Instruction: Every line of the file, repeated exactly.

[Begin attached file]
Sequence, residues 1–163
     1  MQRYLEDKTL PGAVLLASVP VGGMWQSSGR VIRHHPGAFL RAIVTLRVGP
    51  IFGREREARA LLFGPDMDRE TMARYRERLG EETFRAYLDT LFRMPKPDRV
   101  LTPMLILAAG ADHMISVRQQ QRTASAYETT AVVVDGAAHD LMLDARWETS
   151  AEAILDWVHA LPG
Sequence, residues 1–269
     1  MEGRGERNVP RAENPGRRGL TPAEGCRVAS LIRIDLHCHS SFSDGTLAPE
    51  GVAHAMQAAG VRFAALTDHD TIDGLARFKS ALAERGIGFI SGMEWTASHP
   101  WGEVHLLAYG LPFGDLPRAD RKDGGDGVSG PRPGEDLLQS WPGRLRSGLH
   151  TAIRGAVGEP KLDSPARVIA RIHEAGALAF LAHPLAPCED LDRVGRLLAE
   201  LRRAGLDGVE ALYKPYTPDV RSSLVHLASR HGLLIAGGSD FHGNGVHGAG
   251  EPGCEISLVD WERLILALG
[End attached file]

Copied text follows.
Sequence, residues 1–163
     1  MQRYLEDKTL PGAVLLASVP VGGMWQSSGR VIRHHPGAFL RAIVTLRVGP
    51  IFGREREARA LLFGPDMDRE TMARYRERLG EETFRAYLDT LFRMPKPDRV
   101  LTPMLILAAG ADHMISVRQQ QRTASAYETT AVVVDGAAHD LMLDARWETS
   151  AEAILDWVHA LPG
Sequence, residues 1–269
     1  MEGRGERNVP RAENPGRRGL TPAEGCRVAS LIRIDLHCHS SFSDGTLAPE
    51  GVAHAMQAAG VRFAALTDHD TIDGLARFKS ALAERGIGFI SGMEWTASHP
   101  WGEVHLLAYG LPFGDLPRAD RKDGGDGVSG PRPGEDLLQS WPGRLRSGLH
   151  TAIRGAVGEP KLDSPARVIA RIHEAGALAF LAHPLAPCED LDRVGRLLAE
   201  LRRAGLDGVE ALYKPYTPDV RSSLVHLASR HGLLIAGGSD FHGNGVHGAG
   251  EPGCEISLVD WERLILALG